Time is of the essence when repairing spalls, cracks and craters caused by enemy fire on military airfields. For decades, engineers have been searching for the most efficient and effective means to perform these repairs. Solutions have ranged from landing mats developed during World War II to a host of materials and systems investigated during the Cold War, ranging from flexible and rigid caps over debris backfill to structural systems that bridge the craters. However, most of these solutions require materials to be readily available on site, which has often not been the case in the ongoing wars in Iraq and Afghanistan. Forced to make do with in-situ materials and resources, engineers have not been able to perform effective repairs, and airfields have required increased maintenance as a result.
However, new advances have pushed rapid-setting concrete to the forefront as a viable alternative for crater repair. Although the product has been used by the military for years to repair areas less than a cubic foot, technological advances—offering faster set times, higher early strengths and better durability under heavy loads—have made rapid-setting concrete a viable alternative for repairing larger craters. These advances have also made a variety of rapid-setting concrete products widely available off the shelf.
Rapid-setting concrete is not without its own host of issues, though. Mixing, placing and finishing the concrete before it sets up has often been a challenge for crews in the field. Proper placement of repair concrete is critical, as poorly executed repairs can pose significant damage to aircraft if debris is sucked up by moving tires, wind, or jet blast. To determine the best type of rapid-setting concrete in this highly-specialized environment, the U.S. Army Engineer Research and Development Center (ERDC) spent four years putting 10 products through a series of tests to determine the best option for crews on the ground.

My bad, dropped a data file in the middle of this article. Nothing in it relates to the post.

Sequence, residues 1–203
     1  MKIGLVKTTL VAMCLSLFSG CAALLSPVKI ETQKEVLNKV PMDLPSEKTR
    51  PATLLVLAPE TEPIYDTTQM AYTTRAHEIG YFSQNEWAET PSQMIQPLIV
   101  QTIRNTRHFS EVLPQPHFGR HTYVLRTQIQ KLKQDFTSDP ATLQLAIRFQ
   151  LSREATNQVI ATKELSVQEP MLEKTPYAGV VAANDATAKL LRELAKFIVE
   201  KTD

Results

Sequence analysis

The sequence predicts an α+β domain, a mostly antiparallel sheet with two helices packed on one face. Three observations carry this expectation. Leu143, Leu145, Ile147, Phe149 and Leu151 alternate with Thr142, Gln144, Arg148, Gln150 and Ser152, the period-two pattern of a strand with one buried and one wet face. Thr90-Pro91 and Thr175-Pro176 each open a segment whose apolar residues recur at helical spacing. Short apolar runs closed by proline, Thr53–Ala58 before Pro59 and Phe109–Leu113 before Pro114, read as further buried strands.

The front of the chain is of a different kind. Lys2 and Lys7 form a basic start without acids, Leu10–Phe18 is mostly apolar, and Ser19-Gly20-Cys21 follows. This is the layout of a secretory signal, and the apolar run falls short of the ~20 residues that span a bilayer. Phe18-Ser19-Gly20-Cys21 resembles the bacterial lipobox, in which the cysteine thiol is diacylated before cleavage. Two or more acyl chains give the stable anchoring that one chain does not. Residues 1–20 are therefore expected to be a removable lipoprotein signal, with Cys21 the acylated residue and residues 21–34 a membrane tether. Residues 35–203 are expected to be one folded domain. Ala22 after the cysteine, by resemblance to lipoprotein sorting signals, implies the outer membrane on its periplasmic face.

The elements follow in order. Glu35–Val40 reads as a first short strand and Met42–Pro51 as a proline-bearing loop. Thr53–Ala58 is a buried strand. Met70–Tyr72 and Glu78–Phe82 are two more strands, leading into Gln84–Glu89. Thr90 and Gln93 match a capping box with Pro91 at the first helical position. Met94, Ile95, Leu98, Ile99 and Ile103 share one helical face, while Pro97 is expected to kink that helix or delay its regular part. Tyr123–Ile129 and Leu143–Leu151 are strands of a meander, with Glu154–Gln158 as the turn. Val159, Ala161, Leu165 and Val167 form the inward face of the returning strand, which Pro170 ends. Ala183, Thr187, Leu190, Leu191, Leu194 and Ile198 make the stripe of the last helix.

To pass the ERDC test, repair materials had to sustain heavy aircraft traffic within a span of just four hours from the initial assessment of the repair. The ideal repair material would minimize both repair time and logistical requirements, producing a quick-setting, long-lasting patch that can be placed with traditional portable concrete placing equipment.
Because of the time restrictions and temperature conditions in the field, the testers sought a product that could gain 3,000-psi unconfined compressive strength within three hours. In addition, because the repair material will be placed adjacent to ordinary Portland cement concrete, it needed to achieve a 500-psi bond strength to Portland cement within one day of curing. It also needed to attain a 1,000-psi bond strength to other rapid-setting materials, as sometimes repairs are performed in a series of small lifts.
The types of materials tested represented the variety of available rapid-setting concrete compounds, including polymeric patching material, magnesium phosphate-based and high alumina cements, and specialized proprietary blends.
The initial series of tests involved casting each of the products in 6-in and 12-in cylinders at both an ambient 73° F and at 90° F to mimic likely conditions in the field. After curing for two hours, then again at six and 24 hours, the products were tested for unconfined compressive strength. The research team also cast additional cylinders to compare early strengths to 28-day strengths. The majority of the materials reached the desired 3,000-psi early strength in just two hours in ambient temperatures, but under elevated temperatures, most of the products experienced a slight to severe deterioration in strength. Only three products, CTS Cement’s proprietary Rapid Set Cement, and BASF Building Solutions’ high-alumina Tho-Roc 10-61 and magnesium phosphate-based Set 45 HW (both of which are formulated specifically for extremely high temperatures) were able to attain the 3,000-psi threshold at the 90° F mark.